Summertime means more outdoor activities and with those activities; mosquito bites. Mosquito bites can be more than just itchy and annoying; they can cause you to become sick. Mosquitos can carry West Nile virus (WNV). West Nile virus can be a serious, even fatal, illness. It can affect people, horses, certain types of birds, and other animals. In Washington, the first cases of people becoming ill from West Nile virus were reported in 2006 and Washington State Department of Health announced this week that mosquito samples in Franklin County have tested positive for West Nile virus. The most effective way to avoid West Nile virus disease is to prevent mosquito bites.
Reduce Mosquito Bites
Make sure windows and doors are "bug tight." Repair or replace screens.
Stay indoors from dusk to dawn, if possible, when mosquitoes are the most active.
Wear a long sleeve shirt, long pants, and a hat when going into mosquito-infested areas, such as wetlands or woods, or if you work outdoors on a regular basis.
Use mosquito repellent when necessary. Read the label and carefully follow instructions. Take special care when using repellent on children.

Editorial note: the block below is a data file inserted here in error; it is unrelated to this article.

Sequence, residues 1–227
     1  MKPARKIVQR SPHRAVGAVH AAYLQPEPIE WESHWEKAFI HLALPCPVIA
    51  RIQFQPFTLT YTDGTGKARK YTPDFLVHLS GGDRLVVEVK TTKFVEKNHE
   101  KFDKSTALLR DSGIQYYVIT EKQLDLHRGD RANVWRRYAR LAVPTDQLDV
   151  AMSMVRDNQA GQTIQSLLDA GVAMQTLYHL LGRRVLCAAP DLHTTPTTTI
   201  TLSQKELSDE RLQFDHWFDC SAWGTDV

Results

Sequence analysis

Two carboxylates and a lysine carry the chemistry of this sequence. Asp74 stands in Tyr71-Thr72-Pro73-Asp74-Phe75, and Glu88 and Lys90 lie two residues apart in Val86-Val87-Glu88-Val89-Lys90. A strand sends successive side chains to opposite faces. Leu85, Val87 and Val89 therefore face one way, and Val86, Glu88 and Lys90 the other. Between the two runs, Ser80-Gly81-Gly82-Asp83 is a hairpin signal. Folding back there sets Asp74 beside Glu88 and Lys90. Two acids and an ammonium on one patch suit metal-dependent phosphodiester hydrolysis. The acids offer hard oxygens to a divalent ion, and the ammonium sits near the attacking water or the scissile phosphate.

Don't Give Mosquitoes a Home
Empty anything that holds standing water – old tires, buckets, plastic covers, and toys.
Change water in your birdbaths, fountains, wading pools and animal troughs at least twice week.
Make sure roof gutters drain properly and clean clogged gutters in the spring and fall.
Fix leaky outdoor faucets and sprinklers.
In addition, West Nile virus infects certain wild birds. Particular birds – crows, jays, ravens, magpies, hawks and owls – tend to become sick and die. Increasing numbers of dead birds may be an indication of West Nile virus in your community. You can help by reporting dead crows and other birds by calling the Cowlitz County Health Department, 360-414-5599, or using the Washington State online dead bird reporting form . To report mosquito concerns, contact the Cowlitz Mosquito Control District hotline at 360-425-5658.